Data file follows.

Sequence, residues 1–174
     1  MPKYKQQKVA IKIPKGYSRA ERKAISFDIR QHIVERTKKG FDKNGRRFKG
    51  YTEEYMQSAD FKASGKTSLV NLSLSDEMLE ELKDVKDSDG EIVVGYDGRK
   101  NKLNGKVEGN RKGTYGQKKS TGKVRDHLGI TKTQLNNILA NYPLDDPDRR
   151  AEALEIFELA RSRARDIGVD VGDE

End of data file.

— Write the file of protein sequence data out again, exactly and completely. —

Sequence, residues 1–174
     1  MPKYKQQKVA IKIPKGYSRA ERKAISFDIR QHIVERTKKG FDKNGRRFKG
    51  YTEEYMQSAD FKASGKTSLV NLSLSDEMLE ELKDVKDSDG EIVVGYDGRK
   101  NKLNGKVEGN RKGTYGQKKS TGKVRDHLGI TKTQLNNILA NYPLDDPDRR
   151  AEALEIFELA RSRARDIGVD VGDE